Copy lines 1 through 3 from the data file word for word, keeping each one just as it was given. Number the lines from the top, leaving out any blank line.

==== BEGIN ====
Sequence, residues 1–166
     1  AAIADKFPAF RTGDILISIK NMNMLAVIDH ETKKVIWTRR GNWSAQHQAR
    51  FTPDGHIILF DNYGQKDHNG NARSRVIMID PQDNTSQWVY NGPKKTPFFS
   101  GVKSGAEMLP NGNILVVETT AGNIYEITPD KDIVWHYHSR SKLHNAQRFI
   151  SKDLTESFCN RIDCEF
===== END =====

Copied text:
Sequence, residues 1–166
     1  AAIADKFPAF RTGDILISIK NMNMLAVIDH ETKKVIWTRR GNWSAQHQAR
    51  FTPDGHIILF DNYGQKDHNG NARSRVIMID PQDNTSQWVY NGPKKTPFFS